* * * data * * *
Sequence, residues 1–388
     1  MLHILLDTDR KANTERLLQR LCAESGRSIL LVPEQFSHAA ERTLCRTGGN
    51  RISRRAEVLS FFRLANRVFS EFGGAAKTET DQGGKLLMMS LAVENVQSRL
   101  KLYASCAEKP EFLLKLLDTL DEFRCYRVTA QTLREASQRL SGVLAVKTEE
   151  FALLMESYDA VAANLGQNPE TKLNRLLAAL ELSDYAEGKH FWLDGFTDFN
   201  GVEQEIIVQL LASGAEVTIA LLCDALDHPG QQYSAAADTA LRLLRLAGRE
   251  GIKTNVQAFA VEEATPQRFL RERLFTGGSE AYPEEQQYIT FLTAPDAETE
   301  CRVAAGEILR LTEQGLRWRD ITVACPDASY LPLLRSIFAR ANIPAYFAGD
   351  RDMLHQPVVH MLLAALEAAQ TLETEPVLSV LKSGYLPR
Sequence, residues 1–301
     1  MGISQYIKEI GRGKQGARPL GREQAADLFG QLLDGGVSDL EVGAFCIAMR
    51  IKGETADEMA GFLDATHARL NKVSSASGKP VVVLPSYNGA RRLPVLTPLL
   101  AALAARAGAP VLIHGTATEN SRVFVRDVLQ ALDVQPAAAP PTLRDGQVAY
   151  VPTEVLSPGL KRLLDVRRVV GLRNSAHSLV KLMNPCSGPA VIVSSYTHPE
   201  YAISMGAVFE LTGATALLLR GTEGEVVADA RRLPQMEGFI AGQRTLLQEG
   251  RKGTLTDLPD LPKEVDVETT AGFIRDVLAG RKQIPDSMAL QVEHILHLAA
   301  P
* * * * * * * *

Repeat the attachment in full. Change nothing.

Sequence, residues 1–388
     1  MLHILLDTDR KANTERLLQR LCAESGRSIL LVPEQFSHAA ERTLCRTGGN
    51  RISRRAEVLS FFRLANRVFS EFGGAAKTET DQGGKLLMMS LAVENVQSRL
   101  KLYASCAEKP EFLLKLLDTL DEFRCYRVTA QTLREASQRL SGVLAVKTEE
   151  FALLMESYDA VAANLGQNPE TKLNRLLAAL ELSDYAEGKH FWLDGFTDFN
   201  GVEQEIIVQL LASGAEVTIA LLCDALDHPG QQYSAAADTA LRLLRLAGRE
   251  GIKTNVQAFA VEEATPQRFL RERLFTGGSE AYPEEQQYIT FLTAPDAETE
   301  CRVAAGEILR LTEQGLRWRD ITVACPDASY LPLLRSIFAR ANIPAYFAGD
   351  RDMLHQPVVH MLLAALEAAQ TLETEPVLSV LKSGYLPR
Sequence, residues 1–301
     1  MGISQYIKEI GRGKQGARPL GREQAADLFG QLLDGGVSDL EVGAFCIAMR
    51  IKGETADEMA GFLDATHARL NKVSSASGKP VVVLPSYNGA RRLPVLTPLL
   101  AALAARAGAP VLIHGTATEN SRVFVRDVLQ ALDVQPAAAP PTLRDGQVAY
   151  VPTEVLSPGL KRLLDVRRVV GLRNSAHSLV KLMNPCSGPA VIVSSYTHPE
   201  YAISMGAVFE LTGATALLLR GTEGEVVADA RRLPQMEGFI AGQRTLLQEG
   251  RKGTLTDLPD LPKEVDVETT AGFIRDVLAG RKQIPDSMAL QVEHILHLAA
   301  P